LOL: "...shoot her ass off (photographically speaking)..."

Please send the pics to rate.

Sun, 05/08/2011 - 15:48 | 1253535 newworldorder
newworldorder's picture

Jack Burton;

You have not considered the value of these degrees relative to the holders ability to get a government job. Most government professional jobs require a degree. The majority require a Masters, Some a PhD.

This applies to governments from local police, fire, municipal, county, state and finally  The Federal government. Most masters degree as well as membership in a protected employee class can get you in.

Sun, 05/08/2011 - 17:15 | 1253751 sun tzu
sun tzu's picture

Very few government jobs require a degree. I worked for a certain federal taxing authority and even many of the agents didn't have a 4 year degree. 

Sun, 05/08/2011 - 16:16 | 1253602 Howard_Beale
Howard_Beale's picture

I have two neices that have just finished up -- one with a masters in architecture has a great job already, the other with a PhD in engineering has about 10 choices at 6 figures.

Sun, 05/08/2011 - 16:28 | 1253619 anony
anony's picture

Advanced degrees in certain fields are mandatory and at least highlight somewhat serious students seeking a top notch education.

The same can't be said for the other 95% of the 'students'.

Sun, 05/08/2011 - 16:57 | 1253698 malek
malek's picture

It would be pretty shitty if you couldn't get six figures with an PhD in engineering.

But with architecture I suppose she needed a good bit of luck, or connections to land a great job...

Mon, 05/09/2011 - 02:22 | 1254743 OldPhart
OldPhart's picture

Or great big boobs.

Sun, 05/08/2011 - 17:18 | 1253758 sun tzu
sun tzu's picture

What percentage of students actually get a useful degree? You have millions graduating each year with degrees in philosophy, ethnic/gender studies, social studies, history, english, psychology. They can't all get government jobs.

Mon, 05/09/2011 - 03:16 | 1254769 nufio
nufio's picture

is the answer to your question about the % of students that take a useful degree.
You can even download the table in an excel sheet.

Sun, 05/08/2011 - 12:33 | 1253015 Sudden Debt
Sudden Debt's picture

Éducation should be free and not à industry.

Nobody should have to leave school with debt.

Sun, 05/08/2011 - 12:43 | 1253036 lettuce
lettuce's picture

move to finland

Sun, 05/08/2011 - 12:50 | 1253053 Bam_Man
Bam_Man's picture

Too cold.

Sun, 05/08/2011 - 16:58 | 1253701 malek
malek's picture

Move to Germany, almost free there.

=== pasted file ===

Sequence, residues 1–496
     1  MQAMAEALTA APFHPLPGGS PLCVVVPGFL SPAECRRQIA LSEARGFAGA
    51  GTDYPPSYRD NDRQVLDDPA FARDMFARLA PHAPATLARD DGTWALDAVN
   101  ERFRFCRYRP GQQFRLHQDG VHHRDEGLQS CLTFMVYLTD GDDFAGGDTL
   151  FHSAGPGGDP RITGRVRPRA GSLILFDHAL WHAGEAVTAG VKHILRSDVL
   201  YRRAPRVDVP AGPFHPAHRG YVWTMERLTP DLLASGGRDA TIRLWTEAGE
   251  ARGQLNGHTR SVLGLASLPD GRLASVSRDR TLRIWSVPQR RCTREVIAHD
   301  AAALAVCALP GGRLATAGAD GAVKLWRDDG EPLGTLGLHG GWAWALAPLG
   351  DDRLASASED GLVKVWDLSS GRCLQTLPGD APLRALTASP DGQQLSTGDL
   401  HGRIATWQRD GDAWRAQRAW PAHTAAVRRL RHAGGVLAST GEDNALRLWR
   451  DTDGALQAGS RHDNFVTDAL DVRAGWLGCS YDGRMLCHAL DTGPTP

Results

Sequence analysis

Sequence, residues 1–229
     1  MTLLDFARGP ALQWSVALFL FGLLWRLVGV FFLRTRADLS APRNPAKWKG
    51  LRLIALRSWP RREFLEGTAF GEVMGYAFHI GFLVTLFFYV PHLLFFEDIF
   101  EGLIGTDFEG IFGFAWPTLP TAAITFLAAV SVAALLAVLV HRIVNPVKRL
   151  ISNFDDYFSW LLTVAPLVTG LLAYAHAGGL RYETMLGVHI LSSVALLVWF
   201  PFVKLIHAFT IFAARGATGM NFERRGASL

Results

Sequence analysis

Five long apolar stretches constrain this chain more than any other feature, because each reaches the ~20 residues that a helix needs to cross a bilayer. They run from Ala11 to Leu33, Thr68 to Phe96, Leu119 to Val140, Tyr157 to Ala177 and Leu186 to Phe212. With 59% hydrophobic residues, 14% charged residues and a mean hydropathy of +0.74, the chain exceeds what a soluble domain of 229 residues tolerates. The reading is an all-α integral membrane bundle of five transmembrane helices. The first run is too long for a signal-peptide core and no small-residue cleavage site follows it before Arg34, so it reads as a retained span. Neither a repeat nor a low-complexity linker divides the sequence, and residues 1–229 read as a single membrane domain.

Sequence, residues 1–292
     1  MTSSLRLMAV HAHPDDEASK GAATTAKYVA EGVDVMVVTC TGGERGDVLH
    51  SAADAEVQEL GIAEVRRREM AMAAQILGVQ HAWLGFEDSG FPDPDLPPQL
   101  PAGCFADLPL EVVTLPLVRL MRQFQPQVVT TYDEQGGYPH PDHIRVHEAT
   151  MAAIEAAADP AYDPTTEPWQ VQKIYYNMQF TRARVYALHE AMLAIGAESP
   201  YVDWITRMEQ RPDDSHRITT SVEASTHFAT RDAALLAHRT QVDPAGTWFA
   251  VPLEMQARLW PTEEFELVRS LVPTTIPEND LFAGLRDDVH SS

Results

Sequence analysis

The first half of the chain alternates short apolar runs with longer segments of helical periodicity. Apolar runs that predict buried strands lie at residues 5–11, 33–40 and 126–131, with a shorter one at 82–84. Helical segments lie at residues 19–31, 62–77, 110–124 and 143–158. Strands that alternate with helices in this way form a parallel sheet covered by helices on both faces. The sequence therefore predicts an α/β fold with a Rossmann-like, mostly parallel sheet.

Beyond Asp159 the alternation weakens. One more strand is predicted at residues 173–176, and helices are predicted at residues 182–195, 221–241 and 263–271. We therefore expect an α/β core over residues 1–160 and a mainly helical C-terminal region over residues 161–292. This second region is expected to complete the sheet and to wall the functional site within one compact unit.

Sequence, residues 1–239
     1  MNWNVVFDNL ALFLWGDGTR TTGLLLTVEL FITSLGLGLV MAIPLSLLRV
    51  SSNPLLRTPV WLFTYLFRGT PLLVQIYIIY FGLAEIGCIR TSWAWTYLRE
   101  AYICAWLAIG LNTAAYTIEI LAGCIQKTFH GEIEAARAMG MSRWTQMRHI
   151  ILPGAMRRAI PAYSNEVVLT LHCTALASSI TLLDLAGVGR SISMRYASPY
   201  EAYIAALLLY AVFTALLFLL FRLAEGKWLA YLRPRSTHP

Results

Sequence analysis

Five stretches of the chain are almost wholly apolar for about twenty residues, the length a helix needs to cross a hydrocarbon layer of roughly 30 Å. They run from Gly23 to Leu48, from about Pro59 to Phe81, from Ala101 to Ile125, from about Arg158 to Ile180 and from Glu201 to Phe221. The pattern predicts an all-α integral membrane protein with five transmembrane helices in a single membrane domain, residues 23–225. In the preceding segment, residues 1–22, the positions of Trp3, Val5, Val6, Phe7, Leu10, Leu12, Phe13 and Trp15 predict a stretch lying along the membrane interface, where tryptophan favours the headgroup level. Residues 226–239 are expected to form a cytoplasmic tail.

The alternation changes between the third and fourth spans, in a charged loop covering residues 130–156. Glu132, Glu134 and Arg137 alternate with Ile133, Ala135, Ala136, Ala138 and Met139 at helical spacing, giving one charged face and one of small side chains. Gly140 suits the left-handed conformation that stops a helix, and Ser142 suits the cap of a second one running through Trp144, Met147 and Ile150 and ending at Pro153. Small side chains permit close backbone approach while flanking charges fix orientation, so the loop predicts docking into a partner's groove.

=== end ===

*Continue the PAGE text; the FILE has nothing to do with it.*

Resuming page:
Sun, 05/08/2011 - 14:14 | 1253268 FeralSerf
FeralSerf's picture

Strange mating rituals.

Sun, 05/08/2011 - 12:48 | 1253047 anony
anony's picture

IDiot!  Nothing in this world is Free!!

Someone is paying for these high school students to extend their adolescence by another 4 years, and many, 6 years.

They pretend to learn, the profs pretend to each, and they all pretend that the fantasy of their "education" is worth what was paid by parents, the state, community and whatnot to the fraudsters in the Indoctrination business.

The results are in.  Today's college degree is worthless to most of the students who use the 4 years to avoid ANY kind of labor. 

The last thing 'education' needs is more money thrown at it.  A good start would be to figure out what a student needs to learn to survive in this world, and prosper.  Basketweaving, minority, and feminist studies aren't going to cut it.  The establishment wins again.

Sun, 05/08/2011 - 12:50 | 1253062 Azannoth
Azannoth's picture

.. bread, clean watter and a house should be free too, NOT

Sun, 05/08/2011 - 19:25 | 1254049 downwiththebanks
downwiththebanks's picture

Privatize everything!  

Hooray for failed economic systems that produce landfills of poison and 50 types of cat litter.

Mon, 05/09/2011 - 09:39 | 1255202 SoNH80
SoNH80's picture

Marx made a huge error in logic by dividing those that work "with their hands" from those that work "with their minds".  Everybody that works, works with both their hands and minds.  Anybody who works for a living is a member of the working class, and the working class is under attack from above (banksters, et. al.), and below (criminals, out-of-control lumpen).  The higher education racket of today is a big machine designed to fool kids into thinking that they're going to leave the working class by going into the quad, but the big joke is that they end up right where they started from, the working class, be it as an engineer or as a waitress.

Sun, 05/08/2011 - 12:54 | 1253071 Long-John-Silver
Long-John-Silver's picture

If something is free it's value is zero.

When almost everyone has a (free) college degree the highest paid people will have rare skills such as HVAC mechanic, plumber, or electrician.

Sun, 05/08/2011 - 13:26 | 1253146 Id fight Gandhi
Id fight Gandhi's picture

Trade skills are always in demand. Its the closest thing to a livable income, but most kids turn their noses up at it as it being too low class for them.

Sun, 05/08/2011 - 13:52 | 1253209 WeekendAtBernankes
WeekendAtBernankes's picture

Their "educators" have carefully fostered this attitude.  And the dangers of a centralized public education apparatus become ever clearer.

Sun, 05/08/2011 - 14:12 | 1253257 Stuck on Zero
Stuck on Zero's picture

My Nephew turned down a job offer of $110K/yr as a auto dealer repair foreman to go get his MBA.  That was three years ago.  Today he has his MBA and is earning $78K as a product manager.  I guess the job sounds more "prestigious" than the auto job.  A good friend wouldn't take over his Dad's hardwood floor business so that he could get his Art History degree and teach.  He did that for five years earning $37K/yr and hated it.  He's now making a bundle in hardwood floor finishing.  Another friend took eleven years to earn his PhD in Mathematics from a prestigious University and then opened a tropical fish business and breeds and sells aquarium fish.  He's doing what he wanted.  Three female engineers at our company quit and opened a dress shop together.  When asked why (since we like females in engineering), they replied that they had fallen for all the hoopla, liked the people, hated the work, and now were doing something they really wanted to do.